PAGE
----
The Pugh Analysis Matrix is an analysis tool that results in an optimal concept. You refine a list of ideas by using a matrix-based process to weight and compare the conceptual designs.
- Similar to pro vs cons
- Evaluate multiple options vs a baseline
- Use a matrix to address multiple factors.
The Pugh matrix was developed by Stuart Pugh who was the head of the design division and a Professor at the University of Strathclyde in Glasgow. This matrix has a variety of names some of which are the Pugh method, Pugh Analysis, the Decision Matrix Methods, matrix, decision grid, selection grid, selection matrix, problem matrix, problem selection matrix, problem selection grid, and solution matrix, criteria rating form, criteria-based matrix, opportunity analysis and many others like this.
This matrix when used for decision making, helps us select the best viable and most feasible option from a list of given alternatives. But to do this we need to first determine the most important criteria that we need in order to finalize our decision about the alternatives and then we select the best one based on this criterion. This method is mainly used by teams as well as individuals but it is better used by teams.
An interesting variation in team decision-making is for each individual to create his own pew matrix and then as a team the Pugh matrices are compared. Mostly, a Pugh matrix may be used to help evaluate a series of alternatives to make the best decision. It may also be used when only one solution is possible and you need to decide how to optimize it to make the best results. Or where multiple alternatives are available but none of them are good enough.
The Pugh Matrix can then be used to choose specific aspects of the all the alternatives and then combine them to make the most feasible product. The end product will be better than the product made initially.
How to Create a Pugh Analysis Matrix
Step 1: Create a chart of Criteria (y axis) vs Concepts (x axis)
Step 2: Pick one concept and rate it across all criteria.
Step 3: fill out the rest of the chart with a (Same, +, or -). This is done relative to the one we entered data for.
Step 4: Sum the + and – s. Come up with a net score. Ex. +4 or -1 or 0.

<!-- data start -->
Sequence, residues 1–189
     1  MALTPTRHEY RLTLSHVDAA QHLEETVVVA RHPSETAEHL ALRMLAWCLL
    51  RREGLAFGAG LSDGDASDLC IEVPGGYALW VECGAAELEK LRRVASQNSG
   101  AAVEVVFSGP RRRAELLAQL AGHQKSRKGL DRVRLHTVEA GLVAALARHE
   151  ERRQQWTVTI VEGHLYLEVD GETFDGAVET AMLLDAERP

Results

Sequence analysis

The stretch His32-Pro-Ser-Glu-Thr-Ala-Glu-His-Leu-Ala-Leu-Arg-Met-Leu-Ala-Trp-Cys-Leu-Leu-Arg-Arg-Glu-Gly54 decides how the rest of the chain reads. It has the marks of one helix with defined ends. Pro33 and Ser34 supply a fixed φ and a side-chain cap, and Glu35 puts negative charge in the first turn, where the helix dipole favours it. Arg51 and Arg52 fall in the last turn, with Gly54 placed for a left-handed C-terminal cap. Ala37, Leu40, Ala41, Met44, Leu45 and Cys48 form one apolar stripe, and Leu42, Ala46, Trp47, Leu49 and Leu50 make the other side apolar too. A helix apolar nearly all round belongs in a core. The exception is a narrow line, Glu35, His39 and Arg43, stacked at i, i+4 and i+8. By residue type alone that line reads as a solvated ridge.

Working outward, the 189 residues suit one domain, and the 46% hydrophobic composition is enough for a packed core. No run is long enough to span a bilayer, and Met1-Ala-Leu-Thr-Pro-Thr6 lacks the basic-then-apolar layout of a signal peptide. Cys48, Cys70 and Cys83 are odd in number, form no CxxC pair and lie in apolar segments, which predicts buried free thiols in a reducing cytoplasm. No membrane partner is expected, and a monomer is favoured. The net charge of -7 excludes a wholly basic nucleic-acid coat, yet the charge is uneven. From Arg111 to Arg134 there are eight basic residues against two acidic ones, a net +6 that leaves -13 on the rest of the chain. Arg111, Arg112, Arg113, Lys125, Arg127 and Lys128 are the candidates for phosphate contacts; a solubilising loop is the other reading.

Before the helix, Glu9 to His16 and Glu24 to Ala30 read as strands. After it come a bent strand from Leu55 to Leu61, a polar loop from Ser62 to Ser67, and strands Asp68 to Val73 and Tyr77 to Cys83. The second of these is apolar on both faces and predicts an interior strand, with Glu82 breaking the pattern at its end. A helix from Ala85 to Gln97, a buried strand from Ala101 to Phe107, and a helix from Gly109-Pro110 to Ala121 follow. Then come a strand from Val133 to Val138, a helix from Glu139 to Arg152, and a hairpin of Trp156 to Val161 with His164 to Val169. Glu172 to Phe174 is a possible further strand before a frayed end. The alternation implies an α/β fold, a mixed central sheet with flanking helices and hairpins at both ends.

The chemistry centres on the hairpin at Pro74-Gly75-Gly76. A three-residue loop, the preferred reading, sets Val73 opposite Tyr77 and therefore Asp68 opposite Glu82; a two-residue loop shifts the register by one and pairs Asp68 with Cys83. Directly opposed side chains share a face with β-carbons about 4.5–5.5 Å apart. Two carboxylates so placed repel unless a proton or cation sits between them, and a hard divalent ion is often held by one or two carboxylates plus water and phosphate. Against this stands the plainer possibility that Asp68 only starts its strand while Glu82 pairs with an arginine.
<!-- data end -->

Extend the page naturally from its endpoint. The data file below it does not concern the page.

Step 5: Iterate across all concepts
Step 6: Merge the results to find the winner
Pugh Matrix Example
Let us assume that we have four alternatives A,B,C,D . We already have a system in place but we want to venture further and want to know if one of these four systems would be an improvement over the current system. We decide the criteria for the selection of alternatives. We then pick the four most important out of these and label them 1,2,3,4 (e.g. price, hours of work etc). Let’s draw the Pugh matrix now. We put all the alternatives at the top and then we assess all the alternatives with respect to the criteria which we keep on the left hand side as shown:
The baseline is the system that we have in place at the moment. Since we are going to compare and judge everything with respect to this therefore we rate it 0.
Now let us consider option A. When it comes to criteria 1, do we consider that it is better, the same as, or worse than the baseline? If it’s better we give it a +1, if it’s the same we give it a 0, and if it’s worse we give it a -1. Let’s say it’s +1. We then treat criteria 2, 3, and 4 in the same way. The table now looks like this:
Now that we have all the all the alternative scores, we can select the one which has the highest positive score which in this case happens to be D.
Weighting: Sometimes we can also give alternatives a weight i.e. the importance they have in a specific project and then using this weight we can determine the best option.
Pugh Matrix Videos
Six Sigma Black Belt Certification Pugh Analysis Questions:
Question: Which of the following tools is appropriate to use with multiple criteria requiring a single option to be selected? (Taken from ASQ sample Black Belt exam.)